• June Groden, The Groden Center

DESCRIPTION:

A number of studies have assessed the impact of relaxation training on individuals with autism and other developmental disabilities. Findings generally indicate that relaxation training effectively reduces disruptive, aggressive, and stereotypic behaviors in this population. However, it is unclear whether relaxation training simply serves as a replacement behavior incompatible with disruptive actions, or if physiological changes including respiratory, cardiovascular, and brain wave activities mediates behavioral improvements by decreasing arousal. A more thorough understanding of the physiological changes associated with relaxation training is needed to provide better information about the nature of this stress reduction technique, and to further determine if guided relaxation is an effective therapeutic procedure for children with autism. The goal of this project is to assess the impact of guided relaxation in 10 children with autism. We propose to use electrophysiological scalp electrical activity (EEG) measures, and autonomic nervous system (ANS) measures (e.g., respiration, heart rate, heart rate variability) to: (1) identify and characterize brain regions active during the performance of guided relaxation and (2) identify and characterize autonomic changes in arousal during the performance of guided relaxation.

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Analyses of Parental and Teacher Reponses on the Stress Survey Schedule for Persons with Autism and Other Developmental Disabilities (SSS)

PRIMARY INVESTIGATORS:

  • Lisa Femia, University of Rhode Island
  • Wayne Velicer, University of Rhode Island
  • Matthew Goodwin, The Groden Center
  • June Groden, The Groden Center

DESCRIPTION:

The current study includes three primary and one secondary aim. The first primary aim will use collected completed Stress Survey Schedules for Persons with Autism and Other Developmental Disabilities (SSS) by treating teachers and parents of individuals with an Autism Spectrum Disorder (ASD) to develop a reference sample, providing means and standard deviations, for future comparisons. The second primary aim will investigate the possible existence of subgroups in the ASD sample based on survey responses from parents and teachers. The third primary aim will investigate the correlation between teachers’ and parents’ responses on the stress scale survey. A secondary aim is to investigate the relationship between age, gender, and specific diagnosis of individuals with an ASD and survey response scores.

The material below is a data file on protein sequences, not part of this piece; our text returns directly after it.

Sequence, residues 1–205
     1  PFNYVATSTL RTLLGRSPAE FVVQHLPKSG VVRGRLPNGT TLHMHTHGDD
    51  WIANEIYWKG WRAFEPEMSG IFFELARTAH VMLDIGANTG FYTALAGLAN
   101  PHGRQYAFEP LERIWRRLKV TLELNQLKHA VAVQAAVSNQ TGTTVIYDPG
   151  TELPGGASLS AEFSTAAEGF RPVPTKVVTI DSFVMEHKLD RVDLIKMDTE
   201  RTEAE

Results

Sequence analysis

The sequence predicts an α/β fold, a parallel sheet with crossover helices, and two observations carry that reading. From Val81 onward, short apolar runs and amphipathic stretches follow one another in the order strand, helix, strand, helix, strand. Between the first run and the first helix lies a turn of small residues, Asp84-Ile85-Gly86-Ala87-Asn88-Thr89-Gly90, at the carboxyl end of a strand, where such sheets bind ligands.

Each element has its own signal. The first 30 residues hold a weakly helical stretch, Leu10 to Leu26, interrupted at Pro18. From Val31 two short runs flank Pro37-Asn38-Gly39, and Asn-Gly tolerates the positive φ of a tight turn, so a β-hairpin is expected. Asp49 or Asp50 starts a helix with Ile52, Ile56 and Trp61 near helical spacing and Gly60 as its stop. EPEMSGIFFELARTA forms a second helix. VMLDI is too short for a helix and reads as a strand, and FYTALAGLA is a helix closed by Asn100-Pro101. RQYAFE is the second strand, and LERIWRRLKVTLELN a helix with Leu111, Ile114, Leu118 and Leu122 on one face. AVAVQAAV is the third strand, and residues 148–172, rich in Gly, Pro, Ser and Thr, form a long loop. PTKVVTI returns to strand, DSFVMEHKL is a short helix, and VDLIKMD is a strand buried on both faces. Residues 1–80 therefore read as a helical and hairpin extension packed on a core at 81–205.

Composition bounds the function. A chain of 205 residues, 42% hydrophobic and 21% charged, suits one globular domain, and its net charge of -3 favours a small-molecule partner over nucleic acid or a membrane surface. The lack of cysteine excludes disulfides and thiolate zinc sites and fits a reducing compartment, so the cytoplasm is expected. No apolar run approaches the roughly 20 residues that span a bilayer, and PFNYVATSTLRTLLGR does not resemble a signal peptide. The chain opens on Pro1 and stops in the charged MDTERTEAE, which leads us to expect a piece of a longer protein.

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Mercury Hair Sampling in Young Adults with Autism Spectrum Disorders

PRIMARY INVESTIGATORS:

  • Grace Baron, Wheaton College/The Groden Center
  • Janina Benoit, Wheaton College

DESCRIPTION:

While the role of mercury in ASD is unclear and unvalidated, recent research has found that infants with ASD have significantly lower rates of mercury in hair samples; suggesting they may have less ability to eliminate this toxin. It is not known whether a low rate of mercury elimination persists in individuals with ASD into adulthood, and this study seeks to address this question. More specifically, this study aims to establish typical mercury hair levels in the 18-31 year old age group. We are looking at the effects of two exposure variables: (1) amount of fish consumption and (2) number of silver amalgam filings. We will also compare our group results with the findings of a comparison group of typical young adults at Wheaton College and other community settings.

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Urinary Isoprostane Levels in Autism Spectrum Disorders: An Index of Oxidative Stress

PRIMARY INVESTIGATORS:

  • Matthew Goodwin, The Groden Center
  • Woody McGinnis, Oxidative Stress in Autism Study
  • George Lambert, University of Medicine and Dentistry
  • June Groden, The Groden Center

DESCRIPTION: